Expanding Services to Trauma-Exposed Children in Kentucky Military Families
LEXINGTON, Ky. (Oct. 22, 2012)— Researchers in the University of Kentucky Center on Trauma and Children are working to improve services to children who have been exposed to trauma, especially in military families.
Supported by a $1.6 million grant from the Substance Abuse and Mental Health Services Administration, the researchers are conducting a four-year project to expand the activities of the Child and Adolescent Trauma Treatment and Training Institute (CATTTI) into the child welfare and community mental health systems in areas of the state that serve military families associated with Fort Knox and Fort Campbell.
The principal investigator on the project is Ginny Sprang, Buckhorn Endowed Professor of Child Welfare and Children's Mental Health and executive director of the Center on Trauma and Children (CTAC). Co-investigators are Carlton Craig, Vernon R. Wiehe Endowed Professor in Family Violence, and Michele Staton-Tindall, associate professor in the UK College of Social Work. Heather Risk, will operate as the project coordinator for the grant.
CATTTI is a multidisciplinary, university-community collaboration housed at UK's Center on Trauma and Children, a part of the College of Social Work. The mission of CATTTI is to facilitate child and family recovery from psychological trauma through statewide service delivery, to test the efficacy of interventions designed to treat traumatic stress conditions, and to increase the capacity of the mental health community to provide services that are empirically-based and culturally relevant.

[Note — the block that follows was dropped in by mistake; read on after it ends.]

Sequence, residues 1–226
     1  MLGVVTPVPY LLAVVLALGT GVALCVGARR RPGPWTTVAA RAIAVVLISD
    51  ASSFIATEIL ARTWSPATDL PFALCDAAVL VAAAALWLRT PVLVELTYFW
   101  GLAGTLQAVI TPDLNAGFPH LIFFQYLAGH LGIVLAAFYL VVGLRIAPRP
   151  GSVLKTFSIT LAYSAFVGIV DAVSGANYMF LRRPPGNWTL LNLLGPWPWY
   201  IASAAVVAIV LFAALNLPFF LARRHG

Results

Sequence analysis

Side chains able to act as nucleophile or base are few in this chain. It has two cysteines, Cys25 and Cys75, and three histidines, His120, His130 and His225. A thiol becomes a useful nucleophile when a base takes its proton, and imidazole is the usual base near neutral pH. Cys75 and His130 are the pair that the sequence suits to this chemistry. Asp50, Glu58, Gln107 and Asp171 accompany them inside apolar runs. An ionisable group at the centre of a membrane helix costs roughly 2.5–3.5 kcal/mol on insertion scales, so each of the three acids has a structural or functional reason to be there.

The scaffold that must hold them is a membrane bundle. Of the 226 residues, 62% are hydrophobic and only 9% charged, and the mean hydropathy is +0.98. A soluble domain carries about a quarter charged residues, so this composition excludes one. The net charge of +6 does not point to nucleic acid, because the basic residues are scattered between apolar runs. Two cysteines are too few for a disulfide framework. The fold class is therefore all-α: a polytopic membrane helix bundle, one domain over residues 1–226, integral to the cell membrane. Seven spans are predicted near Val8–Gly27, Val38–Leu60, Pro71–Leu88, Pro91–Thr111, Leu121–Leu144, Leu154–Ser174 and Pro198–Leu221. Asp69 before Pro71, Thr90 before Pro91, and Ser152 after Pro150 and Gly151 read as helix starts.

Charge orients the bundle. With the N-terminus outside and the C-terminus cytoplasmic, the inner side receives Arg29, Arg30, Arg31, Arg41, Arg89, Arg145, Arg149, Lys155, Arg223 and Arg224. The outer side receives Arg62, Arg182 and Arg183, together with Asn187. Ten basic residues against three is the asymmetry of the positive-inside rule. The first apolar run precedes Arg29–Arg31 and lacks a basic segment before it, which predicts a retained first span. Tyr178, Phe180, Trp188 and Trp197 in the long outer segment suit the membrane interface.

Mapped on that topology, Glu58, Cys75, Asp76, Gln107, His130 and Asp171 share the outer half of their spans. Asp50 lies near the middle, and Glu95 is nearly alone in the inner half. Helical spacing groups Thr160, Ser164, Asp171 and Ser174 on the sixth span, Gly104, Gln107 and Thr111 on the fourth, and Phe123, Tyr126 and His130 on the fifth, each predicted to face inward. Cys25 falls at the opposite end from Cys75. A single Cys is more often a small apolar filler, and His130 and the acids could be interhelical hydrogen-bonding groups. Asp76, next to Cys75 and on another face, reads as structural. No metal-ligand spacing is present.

This mission is undertaken in partnership with the Cabinet for Health and Family Services, the judiciary and community stakeholders. This project builds on an already nationally-recognized child assessment and treatment center in Kentucky, and is the clinical nucleus for clinical training, research, and dissemination of trauma informed evidence-based practices in Kentucky.
Clinical associates of CATTTI will be selected and trained to deliver different modes of trauma-focused therapy. A longitudinal research study will determine the effectiveness of these treatments in terms of symptom reduction and functional improvement across a number of domains.
As a parallel activity, CATTTI personnel will use a learning collaborative model of dissemination to provide training to child welfare workers in the same areas of the state using the Child Welfare Trauma Training Toolkit, developed by the National Child Traumatic Stress Network (NCTSN).
This parallel process of training, mentoring and support of community mental health practitioners and child welfare workers will coincide with model court programs in these areas led by the state’s Administrative Office of the Court.
"The confluence of these resources into targeted regions will facilitate the adoption of culturally-relevant best practices," said Sprang, who is also the current Co-Chair of the National Secondary Traumatic Stress Committee of the NCTSN. "It will allow trauma-informed practices to become formally institutionalized, into child welfare, community mental health and family/dependency court systems. This significantly increases the likelihood of ongoing integration and investment in trauma-informed care beyond the grant period."
NCTSN was established by Congress in 2000 and is funded by the Center for Mental Health Services, Substance Abuse and Mental Health Services Administration, US Department of Health and Human Services through the Donald J. Cohen National Child Traumatic Stress Initiative. The network seeks to bring a "singular and comprehensive focus" to childhood trauma. Combining knowledge of child development, expertise in the full range of child traumatic experiences, and dedication to evidence-based practices, the NCTSN changes the course of children’s lives by changing the course of their care.
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